American Society on Aging 575 Market Street, Suite 2100 San Francisco, CA 94105-2869


MOWA’s mighty volunteers p. 9 | Delivering meals to isolated elders proves to be its own reward.

The intersection of violence and isolation p. 12 | A Q&A with Elizabeth Tung


Covering advances in research, practice and policy nationwide

JANUARY–FEBRUARYR 2020 volume xli number 1

the bimonthly newspaper of the American Society on Aging t i t l f t i i t i

What happens when a nursing home closes its doors? Transfer trauma and stress

In this issue

FORUM How to solve a silent crisis? Reach out to neighbors, community page 3 AGINGWITH OPTIONS A roadmap to a longer— and healthier—life page 5 IN FOCUS Community—it’s all about human connection pages 7–11 Trust for America’s Health bridges public health and aging services page 14 Good reads: a unique view of direct care; on physician burnout; and tips on assisted living page 16

son, the potential for trauma to residents remains the same. Implementing better policies and practices, however, can mini- mize negative impacts.

By Cynthia Rudder and Lori Smetanka W hen a nursing home closes and a resident has to move, her health can deteriorate. Change is difficult for vulnerable nursing home residents, many of whomhave some form of dementia and most of whom have already reluctantly left their homes to move into a long-term-care facility. The response to stress caused by a relocation— often called “transfer trauma”—may in- clude depression, distress, agitation, withdrawn behavior, self-care deficits, falls and weight loss. Many nursing homes are closing across the country, and there seems to be an epidemic of closures in rural counties ( ). These closures are primarily due to bankruptcy or other financial issues; forced closure due to poor care or safety concerns; or a change in business model. Regardless of the rea-

Study Offers Strategies to Protect Residents

“best state practices,” highlighting effec- tive approaches being used to oversee clo- sures and minimize their negative effects on residents. One of the study’s clear messages is that state and federal oversight and en- forcement must be stronger to improve care before a facility is forced to close, and to hold providers accountable for follow- ing the rules when a facility does close. Several important findings, noted be- low, highlighted strategies for managing the closure process in a way that engages and protects residents. A coordinated team , made up of state agencies with roles in providing residents

The study by the National Consumer Voice for Quality Long Term Care, “Nursing Home Closures Toolkit for Ombudsmen Relocation can cause depression, distress, agitation, self-care deficits, falls and weight loss. and Advocates” ( ), funded by The Retirement Foundation, sought to identify obstacles to a success- ful transition for residents, as well as pol- icies, procedures and actions to overcome these obstacles. Also the study identified

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Even in independent living, community is all-important

By Verna M. Cavey H aving now lived in retirement communities for a decade, I val- ue this opportunity to write from the perspective of a resident (of inde- pendent living), and respectfully offer a few thoughts. I worked for many years in education, but it took retirement for me to reach the peak of satisfaction in work and in all oth- er compartments of my life—social, spiri- tual, emotional and intellectual. That’s saying a lot. At 72, the critical piece for my friends and myself is community, and the essence of community is human connection. Every- thing else is secondary. Yes, in retirement communities such asmine, budgets need to be followed and excellent programs may be run, but , if the people who live and work in these communities feel ignored or neglect- ed, there is a systemic failure. The workers in our retirement com- munity dwell in private areas beyond resi-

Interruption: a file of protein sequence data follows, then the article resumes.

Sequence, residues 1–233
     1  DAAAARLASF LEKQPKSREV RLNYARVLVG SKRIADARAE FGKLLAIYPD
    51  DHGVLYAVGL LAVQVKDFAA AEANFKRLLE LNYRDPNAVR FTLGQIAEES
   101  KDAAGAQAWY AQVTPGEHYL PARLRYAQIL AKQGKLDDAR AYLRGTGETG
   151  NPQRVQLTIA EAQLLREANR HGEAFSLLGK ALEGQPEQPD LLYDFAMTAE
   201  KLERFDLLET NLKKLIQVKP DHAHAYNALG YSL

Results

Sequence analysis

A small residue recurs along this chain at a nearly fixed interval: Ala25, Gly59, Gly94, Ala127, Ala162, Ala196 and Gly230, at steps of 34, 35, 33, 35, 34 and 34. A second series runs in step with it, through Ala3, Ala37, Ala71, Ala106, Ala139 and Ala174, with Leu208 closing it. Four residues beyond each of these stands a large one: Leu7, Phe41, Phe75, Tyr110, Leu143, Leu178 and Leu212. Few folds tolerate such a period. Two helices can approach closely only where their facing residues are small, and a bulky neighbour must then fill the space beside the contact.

The AiA19 Panel of Pundits, from left: Bob Blancato, Allyson Schwartz, Yanira Cruz, Rich Browdie, John Zogby, Paula Basta.

dents’ view. Residents do as well, in their own hidden worlds. Amid the space of our larger retire- ment community, we residents have our mini-communities, sharing a glass of wine and friendship behind our apart- ment doors. We also have the outside sup- port of family and friends. And staff who are so caring become close to us. All of these people nurture us, emotionally and physically. But there are challenges in communi- ties such as ours: I watch residents in in- dependent living units try to hide their increasing losses of memory and other functions. Many people residing here

At AiA2020, policy takes center stage T he 2020 presidential election is top of the news most days, and though candidates are scrutinized ad infinitum, especially via pointed com- ments about their age, it is rare to see me- dia attention focused more generally on the topic of older adults. The 2020 elec- tions are critically important for elder policy and advocacy, and ASA’s 2020

Aging in America Conference (AiA) offers a concentrated track in these areas. Conference attendees can get the polit- ical lay of the land on Tuesday’s General Session, “Panel of Pundits 2020: The Decision Year.” Presenters first will fo- cus on such issues as Medicare, Social Se- curity, the Older Americans Act and elder justice. Then the focus will shift to the up- coming presidential and congressional elections andwhat election outcomes may mean for older adults in America. The “National Forum on Older Adults and Access to Justice,” on

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